Duly noted. Get on with it. Right, so there’s one additional knob they have to turn on this system, which is the strength of the interaction between the atoms. When they have two distinguishable fermions sitting in the same energy level, they’re effectively right on top of each other, colliding at high rates. Those collisions change the energy of the state in a way that depends on the details of the collision process. The full physics is very complicated, but what you need to know for these purposes is that applying a magnetic field can change the nature of those interactions in a way that allows them to dial in effectively anything they want. They can make the two atoms occupying a single site behave like they’re weakly attracted to each other, or like they repel each other fairly strongly, and anything in between.

That interaction, in turn, determines the exact energy of the two-atom state, and is kind of tricky to calculate. Being able to measure it in a controlled way is a great tool for looking at these systems.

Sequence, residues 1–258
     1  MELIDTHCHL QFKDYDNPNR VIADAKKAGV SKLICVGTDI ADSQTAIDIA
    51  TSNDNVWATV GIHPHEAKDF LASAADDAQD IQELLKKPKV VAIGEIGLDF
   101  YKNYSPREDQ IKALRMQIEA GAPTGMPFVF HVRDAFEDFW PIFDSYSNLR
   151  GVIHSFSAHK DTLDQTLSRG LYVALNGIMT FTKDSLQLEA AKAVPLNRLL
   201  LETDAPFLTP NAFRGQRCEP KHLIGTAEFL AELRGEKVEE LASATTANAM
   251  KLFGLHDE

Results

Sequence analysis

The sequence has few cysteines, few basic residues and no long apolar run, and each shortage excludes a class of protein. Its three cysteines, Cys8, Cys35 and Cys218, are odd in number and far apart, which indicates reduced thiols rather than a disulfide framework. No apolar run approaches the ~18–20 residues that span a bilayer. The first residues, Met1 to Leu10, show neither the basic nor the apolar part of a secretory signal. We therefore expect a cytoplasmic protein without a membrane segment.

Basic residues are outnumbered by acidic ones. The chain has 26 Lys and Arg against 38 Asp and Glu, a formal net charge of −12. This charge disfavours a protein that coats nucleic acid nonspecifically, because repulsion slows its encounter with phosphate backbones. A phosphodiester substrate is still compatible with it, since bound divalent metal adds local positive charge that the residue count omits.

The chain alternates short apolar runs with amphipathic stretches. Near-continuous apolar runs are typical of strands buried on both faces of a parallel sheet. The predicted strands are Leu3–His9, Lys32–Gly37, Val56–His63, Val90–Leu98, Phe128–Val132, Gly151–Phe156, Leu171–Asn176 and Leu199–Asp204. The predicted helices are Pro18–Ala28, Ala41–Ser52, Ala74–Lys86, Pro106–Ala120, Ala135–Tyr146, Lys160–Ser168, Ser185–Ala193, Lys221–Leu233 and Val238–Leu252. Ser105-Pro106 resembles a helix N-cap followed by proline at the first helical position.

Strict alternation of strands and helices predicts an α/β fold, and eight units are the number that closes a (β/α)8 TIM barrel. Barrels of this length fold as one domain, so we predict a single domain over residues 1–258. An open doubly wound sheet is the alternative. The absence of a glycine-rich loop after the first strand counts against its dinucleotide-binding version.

And what do they see? This:

Figure 4 from the arxiv version of the fermionization paper discussed in the text.

Figure 4 from the arxiv version of the fermionization paper discussed in the text.

This graph shows the “tunneling rate,” which is a measure of how quickly the atoms “leak out” of the lowest energy state in the trap, as a function of the magnetic field. The magnetic field, remember, controls the interactions, which determine the energy of the state, which in turn controls the rate at which the atoms tunnel out. The vertical scale is logarithmic, so the blue points, representing the situation where they only have two atoms in the lowest state of the trap, span a factor of 100 in tunnelin rate.